Why New Zealanders should ‘be thankful’ for free ads

Free advertising has been a pillar of New Zealand’s digital economy for decades.

But in 2017, there have been some disturbing trends in how it is being used and marketed.

Now, we’re learning about the impact of the government’s free-to-air television broadcast regulations, which could mean a return of some of those ads.

Free ads are seen by about one in 10 people and have helped New Zealand grow its digital economy, but the country’s free advertising laws are under scrutiny.

Here’s what you need to know about the issue and the impact.

Free ad The government has announced a new program that will allow the advertising industry to offer free ads to people who subscribe to television stations and pay for online services.

These ads will appear on most TV stations, including the ABC, SBS, Channel Ten and Ten Network, but they won’t appear on the online platforms where people buy content.

The government says the program is aimed at making it easier for people to access content, but critics say the program may also be aimed at advertisers.

Free-to to air television The first commercial to feature in the free-air broadcast was on June 17, 2017, when New Zealand television station Ten aired a commercial featuring a young woman talking about her boyfriend.

She said: “I’ve been going out to the club with him, and I don’t really want to tell anyone.”

A similar ad was shown the following day on the Nine Network’s flagship program Ten, which featured a young man talking about his girlfriend, while her boyfriend was out of town.

The commercial was viewed by about 10,000 people.

New Zealand has seen more than 80,000 ads run by the advertising sector since the introduction of the free television broadcasting rules, according to a report by Nielsen.

These advertisements are watched by about a third of New Zealands audience, according the study.

The report found that New Zealand TV audiences have shown an increase in internet-enabled ad spending, with the average number of internet-based ad impressions per person doubling since the start of 2017.

The Nielsen study also found that people watched ads for a total of about 3.5 hours a day.

The most recent Nielsen survey, published in October, found that more than a third (36%) of people had watched at least one ad in the previous 24 hours, compared to 29% in January.

Nielsen said that the increase in ad viewing is likely to be linked to the government and media companies’ increasing investment in free-market advertising.

The Free-To-Air TV Regulations 2017 The Free TV Broadcasting Regulations 2017 introduced in May 2017 made the TV broadcasting industry pay a tax of 0.3 per cent on all ad impressions in the digital age.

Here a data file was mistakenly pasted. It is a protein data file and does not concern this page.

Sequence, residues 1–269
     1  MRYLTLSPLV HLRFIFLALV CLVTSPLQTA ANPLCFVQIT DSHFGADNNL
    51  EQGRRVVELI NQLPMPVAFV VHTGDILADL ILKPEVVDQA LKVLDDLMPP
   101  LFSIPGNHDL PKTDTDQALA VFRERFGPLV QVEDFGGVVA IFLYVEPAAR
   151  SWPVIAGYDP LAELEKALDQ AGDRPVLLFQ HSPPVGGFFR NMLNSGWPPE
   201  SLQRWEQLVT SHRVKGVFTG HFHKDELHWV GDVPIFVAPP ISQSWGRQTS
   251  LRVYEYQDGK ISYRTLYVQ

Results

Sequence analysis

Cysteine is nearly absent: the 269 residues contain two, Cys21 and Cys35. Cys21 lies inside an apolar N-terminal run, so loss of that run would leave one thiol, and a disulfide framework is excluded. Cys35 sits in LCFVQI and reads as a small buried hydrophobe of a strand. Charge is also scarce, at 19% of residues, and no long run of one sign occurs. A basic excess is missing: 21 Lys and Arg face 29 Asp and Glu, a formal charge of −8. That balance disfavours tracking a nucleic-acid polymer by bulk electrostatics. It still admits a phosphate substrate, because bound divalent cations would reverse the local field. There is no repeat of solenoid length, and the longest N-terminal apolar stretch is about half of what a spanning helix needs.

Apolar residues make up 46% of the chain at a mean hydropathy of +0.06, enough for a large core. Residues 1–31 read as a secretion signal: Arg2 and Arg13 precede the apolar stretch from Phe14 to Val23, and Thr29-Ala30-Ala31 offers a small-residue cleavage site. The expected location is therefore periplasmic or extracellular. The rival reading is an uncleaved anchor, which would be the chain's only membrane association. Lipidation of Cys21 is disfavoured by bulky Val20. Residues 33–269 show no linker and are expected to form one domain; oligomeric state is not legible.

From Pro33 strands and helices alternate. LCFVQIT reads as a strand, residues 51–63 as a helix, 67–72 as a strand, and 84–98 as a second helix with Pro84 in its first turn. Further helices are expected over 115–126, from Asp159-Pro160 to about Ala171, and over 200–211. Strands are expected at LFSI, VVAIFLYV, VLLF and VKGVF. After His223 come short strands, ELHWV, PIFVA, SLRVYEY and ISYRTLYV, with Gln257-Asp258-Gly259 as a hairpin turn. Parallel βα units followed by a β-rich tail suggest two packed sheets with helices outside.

The regulations also required broadcasters to pay a fee of 0,2 per cent of the total revenues they generated from all advertising.

They also required all advertising to be free of charge, with no minimum price or minimum age requirements.

The fee was capped at $1 million.

In addition, the regulations set up a new commission to review advertising practices and to advise the Government on how to improve advertising practices.

The Commission, which was created under the Broadcasting Act, is responsible for reviewing advertising practices, including ensuring that the rules are working and working effectively, and is also required to report to the Minister.

In 2017, the New Zealand Broadcasting Commission said the Commission’s work has resulted in an improved advertising practice across the broadcasting industry.

The New Zealand Free- To- Air TV Commission report, which is due to be published this year, found there are five areas of improvement to improve the advertising practice.

It found that the advertising system needs to be updated to reflect new digital trends, to encourage more digital advertising, and to provide consumers with the tools to access digital content online.

New York Times article The Free To-Air Radio Broadcasting Commission report found there were five areas where improvements were needed to improve how advertising is delivered, including more digital content on stations, new online advertising platforms and a stronger system for assessing the impact that ads have on the viewing experience.

The commission’s report found the key areas were: • The creation of a new industry-wide audit, including an independent audit team, to ensure the broadcast industry has the best possible system to track and monitor advertising expenditure and deliver effective advertising policies.

• A more effective assessment of the cost-effectiveness of advertising on the digital media landscape.

• The review of the advertising regulatory framework and the establishment of a clear reporting framework.

The broadcast industry says that the report will be a major step towards improving the industry’s digital advertising practices while also addressing concerns over the new regulations.

Digital content platforms are now expected to begin paying more for ad impressions.

Newspapers have also been experimenting with digital advertising.

In February, The Age ran an article on the Free- TV Radio Broadcasting Act that said the new rules were “the most significant change to advertising rules in decades”.

The article quoted an industry source saying that a new report on advertising